MANCHESTER — A member of the Manchester Planning Commission is challenging one of the region’s longest-serving public officials for a three-year term on the Manchester Selectboard.
Megan Amundson is running for the seat held by incumbent Chairman Ivan C. Beattie, who has sat on the Selectboard since 1984 and served as chair for all but a few of those 39 years.
It’s the only contested race on the Manchester ballot, according to Town Clerk Anita Sheldon. Three incumbents are unopposed: Selectboard member Jan Nolan, who is seeking a two-term term; Trustee of Public Funds Marie Ferrarin, who is running for another three-year term; and moderator W. Michael Nawrath, who is seeking another one-year term.
Beattie said the last time he was opposed in a Selectboard election was in the early 1990s.
“I think it’s great that Megan will offer a choice to the voters. It’s how the democratic system is supposed to work,” Beattie said. “I think every office should have people running for it. I know Megan through our discussions and I wish her good luck, but I intend to win the election.”
Beattie said he still believes his years of experience on the board — as a member, and as a chair who allows all sides to present their arguments and then makes a decision based on facts — has benefitted the town. He feels he still has a lot to offer his hometown.
“Sometimes incumbency is a liability, but I have a lot of historical perspective,” he said. “And I think I bring a calmness to finding solutions that’s based in experience.”
Beattie owns and operates East of Equinox Farm, a Morgan horse farm on Barnumville Road. He previously served as board chairman for TD Banknorth Vermont and First Vermont Bank, and worked for Hamilton Standard in project engineering.
Amundson was previously associate director of development at Tufts University, near Boston, where she earned a master’s degree in urban and environmental policy and planning. She also served as executive director of NARAL Pro-Choice Massachusetts for four years.
Asked why she’s running, Amundson said she feels her experience, and her concern about improving the town’s public safety and infrastructure — particularly for pedestrians — would make her an asset on the board.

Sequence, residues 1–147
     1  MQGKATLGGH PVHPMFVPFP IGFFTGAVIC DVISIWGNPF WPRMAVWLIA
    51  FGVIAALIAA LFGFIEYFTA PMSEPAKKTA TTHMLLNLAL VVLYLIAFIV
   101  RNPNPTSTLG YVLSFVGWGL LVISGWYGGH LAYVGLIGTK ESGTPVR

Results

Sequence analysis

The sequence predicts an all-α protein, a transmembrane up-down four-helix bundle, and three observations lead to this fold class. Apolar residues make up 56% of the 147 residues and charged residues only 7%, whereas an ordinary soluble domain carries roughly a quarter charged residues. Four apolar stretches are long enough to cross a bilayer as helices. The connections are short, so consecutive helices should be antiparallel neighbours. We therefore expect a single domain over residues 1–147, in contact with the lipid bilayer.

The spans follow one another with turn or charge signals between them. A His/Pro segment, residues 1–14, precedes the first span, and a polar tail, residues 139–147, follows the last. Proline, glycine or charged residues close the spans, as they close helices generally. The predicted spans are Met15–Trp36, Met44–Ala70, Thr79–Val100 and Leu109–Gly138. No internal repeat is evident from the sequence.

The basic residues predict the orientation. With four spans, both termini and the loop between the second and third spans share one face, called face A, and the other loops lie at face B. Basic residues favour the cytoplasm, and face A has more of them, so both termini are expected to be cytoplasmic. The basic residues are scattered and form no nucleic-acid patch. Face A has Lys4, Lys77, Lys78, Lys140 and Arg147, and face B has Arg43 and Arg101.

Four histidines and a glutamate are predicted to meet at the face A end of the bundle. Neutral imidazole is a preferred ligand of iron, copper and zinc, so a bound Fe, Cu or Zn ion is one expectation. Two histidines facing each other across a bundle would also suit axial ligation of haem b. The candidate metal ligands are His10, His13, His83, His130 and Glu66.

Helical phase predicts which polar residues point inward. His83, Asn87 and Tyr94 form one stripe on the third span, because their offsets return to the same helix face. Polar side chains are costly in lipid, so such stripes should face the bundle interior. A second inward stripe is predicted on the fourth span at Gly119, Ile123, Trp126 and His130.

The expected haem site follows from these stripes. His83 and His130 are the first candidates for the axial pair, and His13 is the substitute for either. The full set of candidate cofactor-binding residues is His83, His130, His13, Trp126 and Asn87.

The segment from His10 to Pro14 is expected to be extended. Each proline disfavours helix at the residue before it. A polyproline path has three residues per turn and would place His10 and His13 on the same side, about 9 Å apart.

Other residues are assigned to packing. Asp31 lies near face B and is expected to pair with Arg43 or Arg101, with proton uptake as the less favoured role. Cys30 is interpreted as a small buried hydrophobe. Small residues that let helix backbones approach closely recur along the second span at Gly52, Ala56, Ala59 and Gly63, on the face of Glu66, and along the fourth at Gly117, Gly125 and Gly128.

“I think there’s a voice missing in our town government representing members of the community who want our town to be focused on things like public safety and infrastructure,” Amundson said. “Having that voice on the Selectboard seemed like an important way for the town to move forward and make the town safer.”
Amundson said her concern about pedestrian safety is not academic — she’s been hit by a car, and members of her family have seen and experienced close calls as pedestrians.
Improving sidewalks “is just a precursor to more public safety efforts so people can get around town in ways other than their car and be safe doing so,” she said. “It’s one of a suite of public safety issues the town should be investing in.”
“We chose to live in town so we could walk,” Amundson said of her family. “And we talk to a lot of friends and neighbors and community members who want to do the same thing, and some who have no choice for a variety of reasons. And a lot of people don’t feel safe.”
At a recent Selectboard meeting, Amundson raised concerns about the proposed redesign of long-awaited improvements to the town parking lot behind Walgreens Pharmacy, between Main Street and Memorial Avenue. She called the design “a little bit of a deathtrap” — a characterization some disagreed with strongly — and asked that it go back to the drawing board. Beattie said sidewalks that are already planned would provide safe access to over half of the proposed parking lot spaces, and noted the expense at a time when the town is facing sharp increases in expenses.
Elsewhere in the Northshire, at least two other towns have contested races: Arlington, where two school board incumbents are facing challengers, and Danby, where three elected positions have multiple candidates.
In Arlington, incumbent Matt Bykowski is being challenged by Terry Wilcox Sweet for election to a three-year term on the Arlington School Board. Dan Wood, also an incumbent, is facing Alexander Burke for election to a two-year term.
Arlington Select Board incumbents Dan Harvey and Todd Wilkins are unopposed for two- and three-year terms, respectively.
In Danby, Select Board members Thomas Fuller Jr. and Steve Haines are both unopposed. But three other races have multiple candidates.
Byron Battease and Lonna Burden are both running for an open seat for auditor. Shelley L. Taylor and incumbent James Viscusi are both candidates for trustee of public funds. And incumbents Viscusi, Bradley J. Bender and newcomer Netanel Crispe are seeking two available seats on the cemetery commission.